I’m the forum user referenced by @Anssi who has been working on a high-fidelity model of the Viking '75 Mars lander. See below for more information on my project. In your case @sagefarmer19, I suspect that you can simplify the farm implement to a significant degree, given your plan to fabricate it out of wood in 1/16 scale. As mentioned by others above, I too suggest starting to learn SketchUp by modeling simple objects, rectilinear shapes at first, then some with circular curves. For example, the main tubular side beams of the hoe drill in simplified form. Also a front tire (ignoring the tread initially) - things like that.
As you are getting comfortable with SketchUp, start thinking about which parts of the farm implement you want to represent in 1/16 scale wooden form. For example: the main red frame parts; the arms that hold the digging teeth and plow discs; the teeth (simplified); the discs. You probably don’t need to model the air or hydraulic lines in SketchUp, just add them with small tubing or thread or styrene rods etc. on the physical model.
I suggest creating each component in-place within a single SketchUp .SKP file, full-scale. Creating the components in-place will ensure that they fit together as intended. You can easily create a 1/16 scale copy of the model when you are done with it, if you want to be able to pull dimensions out of SketchUp that represent the modeled size.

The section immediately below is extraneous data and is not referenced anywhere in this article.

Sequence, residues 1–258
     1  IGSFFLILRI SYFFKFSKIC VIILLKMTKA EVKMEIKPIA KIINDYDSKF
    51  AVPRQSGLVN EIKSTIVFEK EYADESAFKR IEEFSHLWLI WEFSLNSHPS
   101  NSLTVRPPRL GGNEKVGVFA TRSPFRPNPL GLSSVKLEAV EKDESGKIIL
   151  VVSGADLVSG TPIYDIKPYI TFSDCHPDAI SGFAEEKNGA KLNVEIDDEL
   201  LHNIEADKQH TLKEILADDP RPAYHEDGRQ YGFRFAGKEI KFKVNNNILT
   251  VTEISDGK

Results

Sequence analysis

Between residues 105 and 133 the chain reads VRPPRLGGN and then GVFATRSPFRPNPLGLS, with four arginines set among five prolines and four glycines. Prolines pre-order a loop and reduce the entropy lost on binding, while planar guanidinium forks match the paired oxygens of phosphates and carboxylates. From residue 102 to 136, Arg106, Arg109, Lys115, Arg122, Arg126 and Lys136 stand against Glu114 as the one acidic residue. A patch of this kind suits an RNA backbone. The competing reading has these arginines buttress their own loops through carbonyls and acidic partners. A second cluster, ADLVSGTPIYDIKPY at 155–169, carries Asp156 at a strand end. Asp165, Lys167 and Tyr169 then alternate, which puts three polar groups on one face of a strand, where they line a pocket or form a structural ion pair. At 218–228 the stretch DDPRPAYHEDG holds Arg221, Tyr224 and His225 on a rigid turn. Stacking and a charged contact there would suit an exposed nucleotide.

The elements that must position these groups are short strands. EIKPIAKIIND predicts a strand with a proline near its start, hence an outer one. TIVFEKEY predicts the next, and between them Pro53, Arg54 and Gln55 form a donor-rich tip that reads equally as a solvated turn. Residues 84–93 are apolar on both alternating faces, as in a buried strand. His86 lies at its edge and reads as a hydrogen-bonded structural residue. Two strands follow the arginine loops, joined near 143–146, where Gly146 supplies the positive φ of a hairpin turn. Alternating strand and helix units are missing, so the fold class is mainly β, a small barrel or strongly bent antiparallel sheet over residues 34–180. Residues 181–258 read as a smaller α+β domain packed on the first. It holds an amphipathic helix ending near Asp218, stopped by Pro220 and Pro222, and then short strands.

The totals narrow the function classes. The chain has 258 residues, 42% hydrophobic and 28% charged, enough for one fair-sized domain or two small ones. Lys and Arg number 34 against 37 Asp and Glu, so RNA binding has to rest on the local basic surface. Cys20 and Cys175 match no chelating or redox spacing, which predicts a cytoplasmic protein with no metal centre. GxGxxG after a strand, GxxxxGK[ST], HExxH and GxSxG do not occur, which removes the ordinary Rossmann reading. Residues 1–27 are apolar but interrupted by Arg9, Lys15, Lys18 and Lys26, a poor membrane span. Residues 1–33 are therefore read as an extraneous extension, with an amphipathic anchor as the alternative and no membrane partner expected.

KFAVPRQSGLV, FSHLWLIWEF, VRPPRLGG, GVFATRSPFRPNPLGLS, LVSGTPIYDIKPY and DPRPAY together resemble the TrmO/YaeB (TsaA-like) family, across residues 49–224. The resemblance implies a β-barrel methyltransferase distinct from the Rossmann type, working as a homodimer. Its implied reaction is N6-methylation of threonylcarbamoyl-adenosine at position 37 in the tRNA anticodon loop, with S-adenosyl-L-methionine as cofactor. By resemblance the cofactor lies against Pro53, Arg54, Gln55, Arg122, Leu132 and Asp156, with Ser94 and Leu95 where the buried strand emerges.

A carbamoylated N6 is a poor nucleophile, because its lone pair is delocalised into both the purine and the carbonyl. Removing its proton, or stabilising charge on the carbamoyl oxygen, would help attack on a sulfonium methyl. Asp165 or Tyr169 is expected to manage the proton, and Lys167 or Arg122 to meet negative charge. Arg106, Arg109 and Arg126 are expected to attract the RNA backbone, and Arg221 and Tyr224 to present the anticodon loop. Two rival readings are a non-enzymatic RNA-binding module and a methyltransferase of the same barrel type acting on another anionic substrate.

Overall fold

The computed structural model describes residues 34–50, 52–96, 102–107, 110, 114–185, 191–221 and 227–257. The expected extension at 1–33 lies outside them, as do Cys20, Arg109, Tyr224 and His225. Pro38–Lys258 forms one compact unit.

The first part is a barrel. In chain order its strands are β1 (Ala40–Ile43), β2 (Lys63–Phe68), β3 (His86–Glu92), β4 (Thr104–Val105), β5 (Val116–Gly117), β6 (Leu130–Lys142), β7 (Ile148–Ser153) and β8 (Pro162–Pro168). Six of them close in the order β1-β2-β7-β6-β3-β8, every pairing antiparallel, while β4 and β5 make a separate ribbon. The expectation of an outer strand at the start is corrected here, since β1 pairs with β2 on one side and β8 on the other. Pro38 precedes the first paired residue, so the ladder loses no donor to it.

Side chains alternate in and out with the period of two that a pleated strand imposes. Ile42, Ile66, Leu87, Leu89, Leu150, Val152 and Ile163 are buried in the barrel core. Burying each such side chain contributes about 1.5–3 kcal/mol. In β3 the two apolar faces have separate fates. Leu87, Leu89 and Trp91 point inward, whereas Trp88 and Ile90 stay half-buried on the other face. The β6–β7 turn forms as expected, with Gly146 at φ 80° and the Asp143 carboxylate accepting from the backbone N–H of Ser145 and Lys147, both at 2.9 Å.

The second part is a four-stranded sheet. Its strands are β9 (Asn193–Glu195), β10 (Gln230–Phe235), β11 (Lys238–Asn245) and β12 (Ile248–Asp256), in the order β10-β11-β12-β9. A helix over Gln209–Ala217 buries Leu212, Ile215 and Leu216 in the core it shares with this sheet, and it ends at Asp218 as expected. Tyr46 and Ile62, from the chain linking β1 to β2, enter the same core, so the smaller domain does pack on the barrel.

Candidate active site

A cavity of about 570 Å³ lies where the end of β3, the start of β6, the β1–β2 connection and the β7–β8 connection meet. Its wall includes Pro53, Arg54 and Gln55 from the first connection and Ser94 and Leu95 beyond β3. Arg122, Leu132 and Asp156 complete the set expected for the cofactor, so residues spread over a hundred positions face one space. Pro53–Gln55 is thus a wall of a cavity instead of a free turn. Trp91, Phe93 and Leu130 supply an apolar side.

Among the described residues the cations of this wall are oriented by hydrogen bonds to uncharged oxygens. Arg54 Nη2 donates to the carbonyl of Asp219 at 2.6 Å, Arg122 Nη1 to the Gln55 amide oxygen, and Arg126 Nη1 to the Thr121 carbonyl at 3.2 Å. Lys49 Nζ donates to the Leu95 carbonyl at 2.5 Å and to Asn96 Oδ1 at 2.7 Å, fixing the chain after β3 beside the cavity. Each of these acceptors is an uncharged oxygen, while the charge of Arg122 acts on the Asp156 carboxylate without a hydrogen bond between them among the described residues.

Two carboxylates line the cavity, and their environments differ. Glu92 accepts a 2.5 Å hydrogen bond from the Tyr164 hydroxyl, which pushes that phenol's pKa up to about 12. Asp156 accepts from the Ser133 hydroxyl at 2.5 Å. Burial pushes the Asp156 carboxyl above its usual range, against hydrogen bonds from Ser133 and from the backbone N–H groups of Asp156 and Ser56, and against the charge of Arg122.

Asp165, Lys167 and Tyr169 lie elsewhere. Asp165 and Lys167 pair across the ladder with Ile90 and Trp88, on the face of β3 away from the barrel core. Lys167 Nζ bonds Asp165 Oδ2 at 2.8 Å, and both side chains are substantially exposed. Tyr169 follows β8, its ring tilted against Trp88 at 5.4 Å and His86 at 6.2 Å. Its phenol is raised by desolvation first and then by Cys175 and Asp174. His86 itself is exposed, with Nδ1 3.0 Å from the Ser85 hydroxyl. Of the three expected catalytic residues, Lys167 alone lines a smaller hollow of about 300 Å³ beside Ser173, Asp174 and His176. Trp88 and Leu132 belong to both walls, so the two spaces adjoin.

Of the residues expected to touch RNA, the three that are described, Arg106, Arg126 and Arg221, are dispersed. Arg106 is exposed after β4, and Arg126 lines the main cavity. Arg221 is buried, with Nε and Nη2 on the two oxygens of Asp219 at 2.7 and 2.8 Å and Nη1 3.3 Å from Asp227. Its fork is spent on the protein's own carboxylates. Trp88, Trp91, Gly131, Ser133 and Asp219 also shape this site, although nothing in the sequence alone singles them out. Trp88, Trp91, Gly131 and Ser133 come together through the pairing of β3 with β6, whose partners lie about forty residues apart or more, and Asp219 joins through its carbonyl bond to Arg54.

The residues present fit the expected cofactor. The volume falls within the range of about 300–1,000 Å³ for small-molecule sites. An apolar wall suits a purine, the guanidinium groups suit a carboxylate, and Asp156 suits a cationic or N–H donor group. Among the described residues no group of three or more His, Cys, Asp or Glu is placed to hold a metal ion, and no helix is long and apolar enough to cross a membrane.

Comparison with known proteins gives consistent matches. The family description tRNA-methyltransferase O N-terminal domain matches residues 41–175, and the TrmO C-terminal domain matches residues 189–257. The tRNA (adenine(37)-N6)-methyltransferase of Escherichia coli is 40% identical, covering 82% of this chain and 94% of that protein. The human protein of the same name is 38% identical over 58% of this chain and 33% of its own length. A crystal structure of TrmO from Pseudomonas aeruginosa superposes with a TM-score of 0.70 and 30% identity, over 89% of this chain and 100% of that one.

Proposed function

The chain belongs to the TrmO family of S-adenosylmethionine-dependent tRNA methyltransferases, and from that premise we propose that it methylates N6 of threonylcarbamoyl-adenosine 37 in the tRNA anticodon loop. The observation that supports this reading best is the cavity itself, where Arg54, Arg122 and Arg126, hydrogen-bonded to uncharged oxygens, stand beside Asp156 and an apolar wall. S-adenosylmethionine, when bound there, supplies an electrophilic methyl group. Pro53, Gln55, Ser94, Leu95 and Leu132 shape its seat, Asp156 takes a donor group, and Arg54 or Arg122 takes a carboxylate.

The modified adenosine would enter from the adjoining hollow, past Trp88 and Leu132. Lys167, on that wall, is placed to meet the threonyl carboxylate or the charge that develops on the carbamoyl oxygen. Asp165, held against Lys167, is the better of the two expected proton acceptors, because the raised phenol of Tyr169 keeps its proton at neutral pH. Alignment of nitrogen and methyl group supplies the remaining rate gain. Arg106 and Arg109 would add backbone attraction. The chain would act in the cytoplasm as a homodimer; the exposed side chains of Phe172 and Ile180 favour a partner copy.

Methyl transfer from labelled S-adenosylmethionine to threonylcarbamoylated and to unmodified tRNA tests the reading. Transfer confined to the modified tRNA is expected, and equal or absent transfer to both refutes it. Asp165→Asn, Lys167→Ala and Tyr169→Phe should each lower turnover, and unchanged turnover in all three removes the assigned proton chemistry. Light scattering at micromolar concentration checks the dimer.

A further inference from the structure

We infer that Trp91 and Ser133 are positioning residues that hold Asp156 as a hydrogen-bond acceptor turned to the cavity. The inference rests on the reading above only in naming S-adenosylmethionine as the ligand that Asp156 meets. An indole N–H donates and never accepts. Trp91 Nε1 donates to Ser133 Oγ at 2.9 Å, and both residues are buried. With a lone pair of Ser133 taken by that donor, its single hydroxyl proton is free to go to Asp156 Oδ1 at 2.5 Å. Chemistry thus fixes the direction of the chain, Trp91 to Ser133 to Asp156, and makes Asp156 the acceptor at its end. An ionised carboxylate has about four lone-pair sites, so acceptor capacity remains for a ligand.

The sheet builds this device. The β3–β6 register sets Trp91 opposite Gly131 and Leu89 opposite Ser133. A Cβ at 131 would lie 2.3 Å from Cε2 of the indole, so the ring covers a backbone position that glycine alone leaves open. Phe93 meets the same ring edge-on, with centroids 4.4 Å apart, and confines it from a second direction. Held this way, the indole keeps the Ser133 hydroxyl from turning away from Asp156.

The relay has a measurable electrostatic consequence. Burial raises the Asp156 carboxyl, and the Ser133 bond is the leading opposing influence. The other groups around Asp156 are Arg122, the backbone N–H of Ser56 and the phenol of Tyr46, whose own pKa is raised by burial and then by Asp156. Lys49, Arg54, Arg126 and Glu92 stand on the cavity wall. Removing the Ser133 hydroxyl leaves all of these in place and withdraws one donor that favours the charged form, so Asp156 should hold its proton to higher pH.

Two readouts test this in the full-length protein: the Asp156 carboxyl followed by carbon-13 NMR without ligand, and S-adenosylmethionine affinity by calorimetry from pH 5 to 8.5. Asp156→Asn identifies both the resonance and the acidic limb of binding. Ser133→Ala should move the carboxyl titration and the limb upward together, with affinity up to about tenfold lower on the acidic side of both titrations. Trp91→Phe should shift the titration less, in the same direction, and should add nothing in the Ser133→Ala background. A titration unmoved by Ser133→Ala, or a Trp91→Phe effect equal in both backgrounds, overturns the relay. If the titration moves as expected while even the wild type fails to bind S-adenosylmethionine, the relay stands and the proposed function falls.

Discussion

My fairly ambitious project involves modeling essentially every single separate hardware piece-part of the original Viking '75 Mars lander spacecraft (two of which were launched to Mars in 1975 and successfully landed on Mars in 1976). Each part is created as a solid (in SketchUp terms) component. I’ve been working on it for about 2000 hours or so over the past five years, creating about 1000 unique components in the model to date. This is what “as much detail as possible” means to me. It’s about half done, if I’m optimistic.